Much of the land designated as National Forest was less suitable for agriculture but perhaps quite suitable for forests. These lands are almost exclusively second-growth timber, which means that they were initially logged at some point, and very little old-growth trees remain.

Despite being mostly second-growth forests, there are still many mature forests present throughout our National Forests. Many of these lands were acquired in the early 20th century, and therefore the second-growth forests may be more than a hundred years old.

National Parks

Typically, what you see in a National Park is a natural feature or grouping of incredibly unique features prized by the public. The National Park typically consists of these features and then a wide range of land surrounding it. On the other hand, some National Parks are designed to protect a unique landscape itself.

A great example of this is Isle Royale, which is a remote island in the middle of Lake Superior near the Canadian border. This landscape is not unique from a geographic standpoint, but its size and location allows it to be and incredibly interesting experiment in predator and prey dynamics.

Final Thoughts

I hope you enjoyed this post and learned a thing or two about the great opportunities present on federal lands. Whether you’re interested in National Forests or National Park, there are plenty of ways for everyone to spend time in nature.

If you’d like to read other articles that are similar, here’s some you might want to check out:

Forest Service Roads National Forests

Can You Ride Dirt Bikes on Forest Service Roads?

Got a dirt bike and find yourself interested in taking a good old-fashioned forest bath? If so, the Forest Service roads you see running through your local National Forest might be a great opportunity for you.

Can you ride dirt bikes on U.S. Forest Service roads? Many Forest Service roads in National Forests allow are open to use with a dirt bike. Forest Service roads may be open to dirt bikes only in specified seasons, and some National Forests may limit the kind of activities a dirt biker can participate in.

With that being said, keep reading if you’re interested in learning more about how to make the most out of our National Forests with your dirt bike.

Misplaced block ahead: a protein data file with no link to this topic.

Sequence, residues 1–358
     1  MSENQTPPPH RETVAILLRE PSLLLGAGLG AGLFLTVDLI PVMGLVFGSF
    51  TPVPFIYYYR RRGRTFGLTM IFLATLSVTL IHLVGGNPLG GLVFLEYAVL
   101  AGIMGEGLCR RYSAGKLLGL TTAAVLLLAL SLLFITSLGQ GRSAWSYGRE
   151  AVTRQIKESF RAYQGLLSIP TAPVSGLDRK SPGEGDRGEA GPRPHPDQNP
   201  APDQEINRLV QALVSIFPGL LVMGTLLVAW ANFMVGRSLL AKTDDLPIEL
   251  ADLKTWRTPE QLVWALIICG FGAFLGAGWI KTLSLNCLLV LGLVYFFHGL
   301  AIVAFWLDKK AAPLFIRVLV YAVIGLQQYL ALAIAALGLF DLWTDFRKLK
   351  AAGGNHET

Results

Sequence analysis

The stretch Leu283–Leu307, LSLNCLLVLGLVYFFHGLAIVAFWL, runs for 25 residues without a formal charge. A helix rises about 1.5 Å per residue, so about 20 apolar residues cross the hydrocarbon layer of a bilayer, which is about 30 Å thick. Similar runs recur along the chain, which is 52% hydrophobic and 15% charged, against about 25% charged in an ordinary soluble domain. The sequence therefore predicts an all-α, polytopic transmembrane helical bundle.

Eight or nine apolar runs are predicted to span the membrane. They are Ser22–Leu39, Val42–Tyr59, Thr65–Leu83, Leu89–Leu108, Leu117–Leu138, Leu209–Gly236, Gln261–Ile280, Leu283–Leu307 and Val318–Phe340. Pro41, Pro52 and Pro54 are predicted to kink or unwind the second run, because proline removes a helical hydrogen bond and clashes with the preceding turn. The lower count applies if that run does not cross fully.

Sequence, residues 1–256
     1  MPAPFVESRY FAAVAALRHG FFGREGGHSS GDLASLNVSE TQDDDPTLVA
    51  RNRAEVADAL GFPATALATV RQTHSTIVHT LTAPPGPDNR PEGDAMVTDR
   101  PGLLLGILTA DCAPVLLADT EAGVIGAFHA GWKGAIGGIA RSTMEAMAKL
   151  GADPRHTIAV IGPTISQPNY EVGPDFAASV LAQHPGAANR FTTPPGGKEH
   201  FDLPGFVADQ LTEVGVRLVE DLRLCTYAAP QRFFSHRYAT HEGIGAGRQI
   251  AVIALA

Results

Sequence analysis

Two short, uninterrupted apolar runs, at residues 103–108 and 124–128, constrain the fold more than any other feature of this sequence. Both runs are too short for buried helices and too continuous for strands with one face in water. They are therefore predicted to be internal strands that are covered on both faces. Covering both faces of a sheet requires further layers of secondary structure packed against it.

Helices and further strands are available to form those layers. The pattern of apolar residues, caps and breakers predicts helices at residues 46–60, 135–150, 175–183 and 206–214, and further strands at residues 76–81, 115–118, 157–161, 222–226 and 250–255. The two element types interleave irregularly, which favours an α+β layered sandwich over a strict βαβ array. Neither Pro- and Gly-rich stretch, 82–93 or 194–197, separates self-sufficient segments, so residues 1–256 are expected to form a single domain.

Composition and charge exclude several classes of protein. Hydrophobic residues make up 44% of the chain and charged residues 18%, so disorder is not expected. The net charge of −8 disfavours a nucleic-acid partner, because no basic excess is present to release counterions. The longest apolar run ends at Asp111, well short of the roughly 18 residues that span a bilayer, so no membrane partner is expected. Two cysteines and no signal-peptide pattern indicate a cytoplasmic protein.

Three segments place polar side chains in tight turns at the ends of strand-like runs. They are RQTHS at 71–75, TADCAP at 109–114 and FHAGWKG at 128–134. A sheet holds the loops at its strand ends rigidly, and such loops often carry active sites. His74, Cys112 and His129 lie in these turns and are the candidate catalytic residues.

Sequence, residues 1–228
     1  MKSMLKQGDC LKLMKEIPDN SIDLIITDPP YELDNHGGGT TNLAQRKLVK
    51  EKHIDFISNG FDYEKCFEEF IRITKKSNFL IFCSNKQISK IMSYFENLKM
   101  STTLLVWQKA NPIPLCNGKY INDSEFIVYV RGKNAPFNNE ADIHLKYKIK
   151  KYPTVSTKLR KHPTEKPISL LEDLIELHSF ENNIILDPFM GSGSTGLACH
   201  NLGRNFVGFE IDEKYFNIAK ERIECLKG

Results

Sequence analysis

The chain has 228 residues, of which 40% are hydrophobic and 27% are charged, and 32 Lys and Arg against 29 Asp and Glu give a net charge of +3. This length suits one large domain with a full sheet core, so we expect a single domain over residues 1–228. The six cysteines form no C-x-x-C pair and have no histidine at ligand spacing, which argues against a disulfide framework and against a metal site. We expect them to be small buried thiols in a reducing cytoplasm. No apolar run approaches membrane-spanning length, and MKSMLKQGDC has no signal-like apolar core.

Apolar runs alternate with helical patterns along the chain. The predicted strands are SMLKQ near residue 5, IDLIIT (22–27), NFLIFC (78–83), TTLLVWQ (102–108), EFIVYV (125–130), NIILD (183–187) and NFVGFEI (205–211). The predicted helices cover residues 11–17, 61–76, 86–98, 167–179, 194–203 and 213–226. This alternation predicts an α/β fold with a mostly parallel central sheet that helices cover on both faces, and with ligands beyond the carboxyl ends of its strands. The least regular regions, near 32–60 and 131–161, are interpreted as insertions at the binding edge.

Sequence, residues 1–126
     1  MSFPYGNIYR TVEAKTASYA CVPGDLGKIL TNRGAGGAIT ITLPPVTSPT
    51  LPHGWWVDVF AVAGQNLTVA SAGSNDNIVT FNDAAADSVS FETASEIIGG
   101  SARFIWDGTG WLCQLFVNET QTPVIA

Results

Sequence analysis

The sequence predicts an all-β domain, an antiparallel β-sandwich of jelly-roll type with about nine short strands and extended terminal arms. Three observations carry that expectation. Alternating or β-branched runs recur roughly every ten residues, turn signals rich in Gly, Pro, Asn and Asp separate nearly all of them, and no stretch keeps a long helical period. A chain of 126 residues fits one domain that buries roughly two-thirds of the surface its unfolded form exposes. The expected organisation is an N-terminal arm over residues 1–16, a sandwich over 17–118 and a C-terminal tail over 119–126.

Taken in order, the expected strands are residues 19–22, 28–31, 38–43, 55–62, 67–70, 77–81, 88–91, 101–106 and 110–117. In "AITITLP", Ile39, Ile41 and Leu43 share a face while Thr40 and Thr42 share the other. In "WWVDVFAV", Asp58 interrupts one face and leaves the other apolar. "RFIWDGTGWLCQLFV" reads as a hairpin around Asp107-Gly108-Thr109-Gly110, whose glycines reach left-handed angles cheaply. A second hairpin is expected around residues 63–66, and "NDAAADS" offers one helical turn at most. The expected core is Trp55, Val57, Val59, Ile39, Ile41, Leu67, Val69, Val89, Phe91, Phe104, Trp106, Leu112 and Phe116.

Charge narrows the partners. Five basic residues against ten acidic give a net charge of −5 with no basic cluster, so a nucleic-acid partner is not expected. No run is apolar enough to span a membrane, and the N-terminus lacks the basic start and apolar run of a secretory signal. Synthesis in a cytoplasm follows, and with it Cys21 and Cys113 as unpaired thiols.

Determining Where You Can Ride Your Dirt Bike in a National Forest

When trying to figure out where you can ride your dirt bike in the National Forest, the unfortunate reality is that you have a good amount of reading to do. While you’ll have to carefully read the materials that your National Forest provides, the U.S. Forest Service does provide some great tools to help you along your way.

This post will cover step-by-step instructions as to how this information can be found, as well as what you need to know to make the right decisions.

Understand How the U.S. Forest Service Classifies Your Dirt Bike

The first thing to understand before we begin is that the U.S. Forest Service considers your dirt bike to be an Off Highway Vehicle, otherwise abbreviated as OHV. You want to keep this in mind while you’re browsing the website of your National Forest, as this will be the best spot for you to get relevant information.

The most helpful information regarding how your National Forest classifies dirt bikes will likely be found in a Motor Vehicle Use Map, otherwise known as an MVUM. You can find more information about how exactly to use MVUMs in this post that covers them in great detail.

What Riding Allowed is Highly Specific to Each National Forest

As you probably already know, what opportunities you have to ride your dirt bike in a National Forest is highly dependent upon the specific National Forest that you’re interested in. Therefore you must know the local rules of that forest before you start using its vast network of roads and trails. Not everything will be open to dirt bikes throughout the year, and it’s your job to understand what roads are open to you at the time.

You can generally assume that you’ll be prohibited from traveling off-trail or off-road while in the National Forest. Most locations keep dirt bike travel to specific roads or trails, but there are exceptions to this. If you’re looking to ride your dirt bike and don’t necessarily want to be confined to the trails, you’ll be looking for something referred to as ‘OHV Open Area Riding.’ This doesn’t appear to be available in many locations, but it could be possible in your National Forest.